Referring to FIG. 5, the consolidating element 4'" is useful in the assembly of a screen or privacy structure or "T" formation.
Referring to FIG. 6, the consolidating or joining element 4"" is useful in assembling a modular screen formation in the arrangement of a cross.
Referring to FIG. 7, the cubicle illustrated utilizes two right angle consolidating members 4", two end consolidating members 4 and three panels 1.
It will now be understood, and it is apparent, that the novel modular screen assemblies described have great utility, may be readily assembled and readily disassembled without the use of conventional joining expedients, such as nuts and bolts, screws, or other fixtures and processes and that the structures described eliminate critical labor.
What has been described are preferred embodiments. Modifications and substitutions of equivalents may be made without departing from the spirit of the invention.
FIG. 1 is an exploded front elevation of one panel and two end consolidating elements or stiles.
FIG. 2 is a view in perspective of an end consolidating element or stile.
FIG. 3 is a view in perspective of a consolidating or joining element useful in the assembly of panels in linear formation so that when assembled the panels of the assembly are in the same plane.
FIG. 4 is an exploded modular screen assembly showing a central angular consolidating or joining element, adjacent panels, and two end consolidating elements.
FIG. 5 is a view in perspective of consolidating or joining elements useful to effect a modular screen assembly of T-formation.
FIG. 6 is a view in perspective of a consolidating or joining element useful to effect a modular screen assembly in the form of a cross, and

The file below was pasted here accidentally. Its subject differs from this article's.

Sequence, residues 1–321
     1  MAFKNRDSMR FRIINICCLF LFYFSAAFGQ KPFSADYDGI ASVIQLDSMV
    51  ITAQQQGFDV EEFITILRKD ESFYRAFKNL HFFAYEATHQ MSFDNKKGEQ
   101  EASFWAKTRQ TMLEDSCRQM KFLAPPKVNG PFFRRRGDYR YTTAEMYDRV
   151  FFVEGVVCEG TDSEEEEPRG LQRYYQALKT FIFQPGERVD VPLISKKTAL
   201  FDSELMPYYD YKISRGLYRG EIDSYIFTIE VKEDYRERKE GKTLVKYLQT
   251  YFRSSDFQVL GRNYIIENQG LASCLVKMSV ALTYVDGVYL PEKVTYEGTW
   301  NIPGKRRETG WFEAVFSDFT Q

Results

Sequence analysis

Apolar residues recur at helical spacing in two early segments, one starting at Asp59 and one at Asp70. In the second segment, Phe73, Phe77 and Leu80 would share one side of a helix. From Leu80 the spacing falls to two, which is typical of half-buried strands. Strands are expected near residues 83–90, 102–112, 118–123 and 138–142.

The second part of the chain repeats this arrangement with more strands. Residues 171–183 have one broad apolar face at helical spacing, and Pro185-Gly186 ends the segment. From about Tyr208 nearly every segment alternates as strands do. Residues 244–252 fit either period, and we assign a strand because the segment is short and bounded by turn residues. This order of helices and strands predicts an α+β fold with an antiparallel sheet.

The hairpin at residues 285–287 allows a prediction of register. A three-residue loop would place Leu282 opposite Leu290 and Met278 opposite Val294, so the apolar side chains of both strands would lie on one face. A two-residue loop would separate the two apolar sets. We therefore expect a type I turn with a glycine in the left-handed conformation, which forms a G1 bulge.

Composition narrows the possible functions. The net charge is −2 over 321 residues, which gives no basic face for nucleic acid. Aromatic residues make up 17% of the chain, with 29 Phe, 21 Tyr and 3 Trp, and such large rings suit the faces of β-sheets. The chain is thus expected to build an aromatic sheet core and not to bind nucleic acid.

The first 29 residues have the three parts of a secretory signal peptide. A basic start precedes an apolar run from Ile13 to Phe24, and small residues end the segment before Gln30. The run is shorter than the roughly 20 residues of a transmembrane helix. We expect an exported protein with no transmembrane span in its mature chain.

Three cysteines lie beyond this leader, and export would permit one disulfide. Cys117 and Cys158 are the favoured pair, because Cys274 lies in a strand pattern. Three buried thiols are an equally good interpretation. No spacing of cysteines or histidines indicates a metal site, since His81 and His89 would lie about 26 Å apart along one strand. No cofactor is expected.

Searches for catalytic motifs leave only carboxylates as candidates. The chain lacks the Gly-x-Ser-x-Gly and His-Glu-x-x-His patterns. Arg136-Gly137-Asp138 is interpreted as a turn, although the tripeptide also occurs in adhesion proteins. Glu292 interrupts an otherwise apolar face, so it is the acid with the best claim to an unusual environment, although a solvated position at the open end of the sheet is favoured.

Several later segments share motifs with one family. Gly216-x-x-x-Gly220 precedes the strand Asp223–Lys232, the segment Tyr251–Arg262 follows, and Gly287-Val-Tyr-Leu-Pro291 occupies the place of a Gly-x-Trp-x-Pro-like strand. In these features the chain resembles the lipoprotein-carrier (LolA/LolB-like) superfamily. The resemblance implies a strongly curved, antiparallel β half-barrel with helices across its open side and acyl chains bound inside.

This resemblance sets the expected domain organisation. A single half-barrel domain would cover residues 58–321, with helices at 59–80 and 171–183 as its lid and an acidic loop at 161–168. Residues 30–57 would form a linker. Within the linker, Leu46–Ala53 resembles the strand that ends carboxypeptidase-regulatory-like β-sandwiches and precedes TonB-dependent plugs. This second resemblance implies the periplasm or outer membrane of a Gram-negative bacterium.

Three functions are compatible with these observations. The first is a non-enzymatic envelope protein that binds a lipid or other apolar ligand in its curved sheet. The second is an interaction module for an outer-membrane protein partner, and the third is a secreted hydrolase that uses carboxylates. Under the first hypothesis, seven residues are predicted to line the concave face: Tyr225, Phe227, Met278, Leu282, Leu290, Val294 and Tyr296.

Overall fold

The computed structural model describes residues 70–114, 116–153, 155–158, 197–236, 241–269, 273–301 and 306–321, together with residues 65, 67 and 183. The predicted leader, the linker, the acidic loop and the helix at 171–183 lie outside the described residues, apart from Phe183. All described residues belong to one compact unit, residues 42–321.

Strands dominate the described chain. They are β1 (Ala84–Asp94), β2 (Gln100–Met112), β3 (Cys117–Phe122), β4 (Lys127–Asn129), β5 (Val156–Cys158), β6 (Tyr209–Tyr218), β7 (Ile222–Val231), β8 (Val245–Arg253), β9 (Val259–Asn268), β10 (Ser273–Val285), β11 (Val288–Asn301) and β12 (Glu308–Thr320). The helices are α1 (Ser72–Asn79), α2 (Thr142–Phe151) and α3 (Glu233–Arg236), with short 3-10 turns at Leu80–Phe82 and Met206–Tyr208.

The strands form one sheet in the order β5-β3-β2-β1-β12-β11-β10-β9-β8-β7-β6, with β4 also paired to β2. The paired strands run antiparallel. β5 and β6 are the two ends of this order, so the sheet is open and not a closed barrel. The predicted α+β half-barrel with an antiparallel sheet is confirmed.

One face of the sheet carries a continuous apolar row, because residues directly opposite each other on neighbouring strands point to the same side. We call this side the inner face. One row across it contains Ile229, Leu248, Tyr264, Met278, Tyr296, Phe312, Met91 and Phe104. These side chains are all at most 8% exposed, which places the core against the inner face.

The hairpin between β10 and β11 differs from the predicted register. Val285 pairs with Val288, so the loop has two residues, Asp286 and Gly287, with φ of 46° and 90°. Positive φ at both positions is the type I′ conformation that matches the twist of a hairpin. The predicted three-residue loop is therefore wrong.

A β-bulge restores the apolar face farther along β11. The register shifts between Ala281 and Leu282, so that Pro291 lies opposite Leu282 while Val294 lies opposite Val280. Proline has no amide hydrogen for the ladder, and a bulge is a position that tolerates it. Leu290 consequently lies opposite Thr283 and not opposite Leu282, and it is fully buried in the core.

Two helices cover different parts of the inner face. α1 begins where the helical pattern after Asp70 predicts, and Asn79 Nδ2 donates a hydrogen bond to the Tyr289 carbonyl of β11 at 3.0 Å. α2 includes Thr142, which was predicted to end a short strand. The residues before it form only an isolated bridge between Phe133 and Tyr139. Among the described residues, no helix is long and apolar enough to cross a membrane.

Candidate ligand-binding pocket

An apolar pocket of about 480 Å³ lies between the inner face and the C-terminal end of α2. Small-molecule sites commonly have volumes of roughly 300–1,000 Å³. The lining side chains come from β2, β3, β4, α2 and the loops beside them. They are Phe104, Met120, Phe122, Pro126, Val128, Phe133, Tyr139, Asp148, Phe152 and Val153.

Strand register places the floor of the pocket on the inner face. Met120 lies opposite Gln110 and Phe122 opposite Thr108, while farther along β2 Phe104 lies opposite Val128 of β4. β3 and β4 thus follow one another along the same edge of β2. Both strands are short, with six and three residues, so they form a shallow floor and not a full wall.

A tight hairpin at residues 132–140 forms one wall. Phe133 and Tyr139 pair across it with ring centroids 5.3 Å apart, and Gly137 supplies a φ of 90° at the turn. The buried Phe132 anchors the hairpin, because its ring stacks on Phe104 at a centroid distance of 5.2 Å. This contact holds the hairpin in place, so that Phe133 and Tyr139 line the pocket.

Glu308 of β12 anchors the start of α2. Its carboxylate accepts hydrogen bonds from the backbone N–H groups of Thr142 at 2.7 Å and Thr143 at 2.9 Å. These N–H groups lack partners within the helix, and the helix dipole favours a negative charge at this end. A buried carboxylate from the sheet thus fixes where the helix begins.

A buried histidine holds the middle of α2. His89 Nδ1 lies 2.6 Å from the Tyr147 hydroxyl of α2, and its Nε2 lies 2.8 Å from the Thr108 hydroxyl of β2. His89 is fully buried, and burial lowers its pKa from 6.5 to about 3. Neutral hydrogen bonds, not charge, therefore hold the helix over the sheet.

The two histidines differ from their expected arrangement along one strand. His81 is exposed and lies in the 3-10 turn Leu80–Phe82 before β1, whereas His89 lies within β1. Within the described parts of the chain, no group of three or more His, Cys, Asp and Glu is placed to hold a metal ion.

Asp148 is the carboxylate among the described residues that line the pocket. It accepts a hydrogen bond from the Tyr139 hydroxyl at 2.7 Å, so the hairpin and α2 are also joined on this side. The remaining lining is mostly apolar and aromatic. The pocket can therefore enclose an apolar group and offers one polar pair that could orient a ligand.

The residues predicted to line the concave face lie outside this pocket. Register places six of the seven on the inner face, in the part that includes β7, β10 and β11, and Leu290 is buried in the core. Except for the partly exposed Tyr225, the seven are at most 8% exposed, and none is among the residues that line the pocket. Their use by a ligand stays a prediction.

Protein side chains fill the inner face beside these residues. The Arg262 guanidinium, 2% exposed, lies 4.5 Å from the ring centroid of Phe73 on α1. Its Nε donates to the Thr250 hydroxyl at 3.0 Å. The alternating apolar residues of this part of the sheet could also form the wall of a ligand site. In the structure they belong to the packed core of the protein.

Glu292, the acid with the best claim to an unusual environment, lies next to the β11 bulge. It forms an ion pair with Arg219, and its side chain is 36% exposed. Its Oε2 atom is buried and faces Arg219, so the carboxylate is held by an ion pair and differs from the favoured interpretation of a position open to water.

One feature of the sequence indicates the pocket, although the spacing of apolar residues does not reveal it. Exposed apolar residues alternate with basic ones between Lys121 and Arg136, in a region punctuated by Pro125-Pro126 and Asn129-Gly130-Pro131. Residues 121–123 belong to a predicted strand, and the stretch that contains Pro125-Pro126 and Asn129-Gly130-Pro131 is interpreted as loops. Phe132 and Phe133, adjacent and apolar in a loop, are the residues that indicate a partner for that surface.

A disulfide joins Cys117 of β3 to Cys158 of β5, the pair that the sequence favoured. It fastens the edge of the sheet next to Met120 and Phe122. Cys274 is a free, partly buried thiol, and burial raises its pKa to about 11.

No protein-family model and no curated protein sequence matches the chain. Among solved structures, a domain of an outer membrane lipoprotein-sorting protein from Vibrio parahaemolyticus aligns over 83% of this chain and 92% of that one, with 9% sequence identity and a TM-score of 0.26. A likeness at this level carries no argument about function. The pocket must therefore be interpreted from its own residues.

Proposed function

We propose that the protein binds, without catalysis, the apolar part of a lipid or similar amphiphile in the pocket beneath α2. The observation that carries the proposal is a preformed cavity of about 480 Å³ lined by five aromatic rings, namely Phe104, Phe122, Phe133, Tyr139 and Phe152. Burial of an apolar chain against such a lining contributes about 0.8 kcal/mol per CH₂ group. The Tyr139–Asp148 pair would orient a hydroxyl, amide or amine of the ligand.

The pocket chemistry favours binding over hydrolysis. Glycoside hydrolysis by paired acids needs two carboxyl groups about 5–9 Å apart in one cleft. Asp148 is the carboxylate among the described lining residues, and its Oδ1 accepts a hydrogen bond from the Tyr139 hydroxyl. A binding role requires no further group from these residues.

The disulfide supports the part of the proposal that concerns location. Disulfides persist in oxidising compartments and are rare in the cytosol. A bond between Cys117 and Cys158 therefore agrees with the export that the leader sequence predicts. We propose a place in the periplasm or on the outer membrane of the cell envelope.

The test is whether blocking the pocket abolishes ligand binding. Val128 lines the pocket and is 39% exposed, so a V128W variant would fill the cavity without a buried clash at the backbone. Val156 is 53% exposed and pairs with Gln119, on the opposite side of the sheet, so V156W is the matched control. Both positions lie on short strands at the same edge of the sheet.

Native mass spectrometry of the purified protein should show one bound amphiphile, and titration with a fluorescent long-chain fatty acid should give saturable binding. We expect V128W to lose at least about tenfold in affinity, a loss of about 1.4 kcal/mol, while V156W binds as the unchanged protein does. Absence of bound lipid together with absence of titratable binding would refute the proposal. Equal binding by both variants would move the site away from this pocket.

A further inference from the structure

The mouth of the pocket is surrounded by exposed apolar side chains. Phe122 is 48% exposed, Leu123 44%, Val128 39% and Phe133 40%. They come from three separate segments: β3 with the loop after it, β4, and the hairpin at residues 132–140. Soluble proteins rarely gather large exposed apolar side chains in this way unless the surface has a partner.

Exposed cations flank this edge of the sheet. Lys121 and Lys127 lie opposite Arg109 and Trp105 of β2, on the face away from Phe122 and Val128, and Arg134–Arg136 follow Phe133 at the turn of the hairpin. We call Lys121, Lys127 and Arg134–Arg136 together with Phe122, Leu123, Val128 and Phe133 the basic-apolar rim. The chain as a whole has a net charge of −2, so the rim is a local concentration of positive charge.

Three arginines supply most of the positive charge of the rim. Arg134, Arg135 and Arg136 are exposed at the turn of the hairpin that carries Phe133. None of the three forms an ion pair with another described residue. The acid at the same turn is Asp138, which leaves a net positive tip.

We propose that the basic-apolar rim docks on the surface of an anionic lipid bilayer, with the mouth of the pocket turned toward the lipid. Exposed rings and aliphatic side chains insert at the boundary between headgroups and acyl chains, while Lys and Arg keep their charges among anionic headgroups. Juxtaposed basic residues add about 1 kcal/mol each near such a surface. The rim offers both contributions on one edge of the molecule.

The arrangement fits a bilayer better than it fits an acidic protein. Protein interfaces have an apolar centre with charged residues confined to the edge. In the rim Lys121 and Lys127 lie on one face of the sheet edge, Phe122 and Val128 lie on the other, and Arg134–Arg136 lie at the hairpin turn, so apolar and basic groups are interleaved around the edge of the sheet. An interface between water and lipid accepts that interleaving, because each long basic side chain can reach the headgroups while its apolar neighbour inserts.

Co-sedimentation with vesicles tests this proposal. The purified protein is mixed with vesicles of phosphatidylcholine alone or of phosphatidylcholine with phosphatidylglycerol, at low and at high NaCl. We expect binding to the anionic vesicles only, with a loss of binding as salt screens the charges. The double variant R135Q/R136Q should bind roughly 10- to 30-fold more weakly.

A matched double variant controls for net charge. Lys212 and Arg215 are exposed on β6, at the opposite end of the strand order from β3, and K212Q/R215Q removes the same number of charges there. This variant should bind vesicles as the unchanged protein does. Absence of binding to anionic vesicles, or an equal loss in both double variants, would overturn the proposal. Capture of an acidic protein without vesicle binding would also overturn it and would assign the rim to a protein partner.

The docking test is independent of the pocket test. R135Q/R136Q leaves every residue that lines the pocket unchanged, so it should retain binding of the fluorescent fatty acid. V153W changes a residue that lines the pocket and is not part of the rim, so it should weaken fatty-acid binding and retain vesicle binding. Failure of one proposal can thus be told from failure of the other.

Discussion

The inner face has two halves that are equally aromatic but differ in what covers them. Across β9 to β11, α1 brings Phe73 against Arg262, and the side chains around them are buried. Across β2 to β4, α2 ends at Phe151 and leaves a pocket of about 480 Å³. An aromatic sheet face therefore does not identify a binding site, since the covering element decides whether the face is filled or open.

FIG. 7 is a view in perspective, partially exploded, illustrating three panels, two angular consolidating elements or stiles. This formation results in an office type cubicle.
This invention relates to modular assemblies of privacy screens or partitions and more particularly to assemblies involving one or more panels and consolidating or joining elements or stiles which may take the form of an end consolidating element such as a stile or an intermediate linear joining element or an angular joining element or a joining element in the form of a cross or a joining element in the form of a "T".
Prior to the instant invention it has been proposed to use privacy panels assembled in linear form including stiles or rails and stiles and in cublicle form; however, such prior constructions and formations utilized relatively complex assembly means including nuts and bolts, screws, and battens, and prior constructions have even included soldering and welding processes. Such prior constructions have been relatively expensive, lacking in versatility, and complicated in assembly, generally requiring laborious and time-consuming effort.
It is an object of the instant invention to provide a novel screen assembly useful as a protective barrier or partition which will be of simple construction, easy to assemble, and relatively economical.
It is a further object of the instant invention to provide a novel modular screen assembly to serve as a space divider which is made up of panels and stiles or consolidating or joining elements and which can be assembled with ease.
It is still another object of the invention to provide a novel modular screen assembly which can be readily disassembled and readily re-assembled with versatility of configuration and superior functional characteristics.
Other objects and the nature of the invention will become readily apparent from the following description and the related drawings.